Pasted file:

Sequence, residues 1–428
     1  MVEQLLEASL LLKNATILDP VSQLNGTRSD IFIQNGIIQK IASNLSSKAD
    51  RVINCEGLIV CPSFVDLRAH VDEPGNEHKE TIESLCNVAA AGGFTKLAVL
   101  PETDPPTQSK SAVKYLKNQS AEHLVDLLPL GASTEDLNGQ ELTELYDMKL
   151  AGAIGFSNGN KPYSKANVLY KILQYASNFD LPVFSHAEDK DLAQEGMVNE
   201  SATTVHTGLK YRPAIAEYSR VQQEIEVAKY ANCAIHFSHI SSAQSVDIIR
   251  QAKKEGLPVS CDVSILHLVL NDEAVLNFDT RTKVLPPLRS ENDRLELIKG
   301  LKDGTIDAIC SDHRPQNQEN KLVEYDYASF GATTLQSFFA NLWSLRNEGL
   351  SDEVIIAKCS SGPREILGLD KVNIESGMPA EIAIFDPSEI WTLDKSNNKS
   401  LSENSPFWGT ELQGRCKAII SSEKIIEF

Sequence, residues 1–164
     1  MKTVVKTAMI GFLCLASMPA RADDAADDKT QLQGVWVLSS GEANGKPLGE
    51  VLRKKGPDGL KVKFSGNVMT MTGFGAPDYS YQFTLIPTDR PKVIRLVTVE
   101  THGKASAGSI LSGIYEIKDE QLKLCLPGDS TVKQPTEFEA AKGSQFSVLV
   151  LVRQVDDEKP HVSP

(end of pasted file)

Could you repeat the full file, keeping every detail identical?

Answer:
Sequence, residues 1–428
     1  MVEQLLEASL LLKNATILDP VSQLNGTRSD IFIQNGIIQK IASNLSSKAD
    51  RVINCEGLIV CPSFVDLRAH VDEPGNEHKE TIESLCNVAA AGGFTKLAVL
   101  PETDPPTQSK SAVKYLKNQS AEHLVDLLPL GASTEDLNGQ ELTELYDMKL
   151  AGAIGFSNGN KPYSKANVLY KILQYASNFD LPVFSHAEDK DLAQEGMVNE
   201  SATTVHTGLK YRPAIAEYSR VQQEIEVAKY ANCAIHFSHI SSAQSVDIIR
   251  QAKKEGLPVS CDVSILHLVL NDEAVLNFDT RTKVLPPLRS ENDRLELIKG
   301  LKDGTIDAIC SDHRPQNQEN KLVEYDYASF GATTLQSFFA NLWSLRNEGL
   351  SDEVIIAKCS SGPREILGLD KVNIESGMPA EIAIFDPSEI WTLDKSNNKS
   401  LSENSPFWGT ELQGRCKAII SSEKIIEF

Sequence, residues 1–164
     1  MKTVVKTAMI GFLCLASMPA RADDAADDKT QLQGVWVLSS GEANGKPLGE
    51  VLRKKGPDGL KVKFSGNVMT MTGFGAPDYS YQFTLIPTDR PKVIRLVTVE
   101  THGKASAGSI LSGIYEIKDE QLKLCLPGDS TVKQPTEFEA AKGSQFSVLV
   151  LVRQVDDEKP HVSP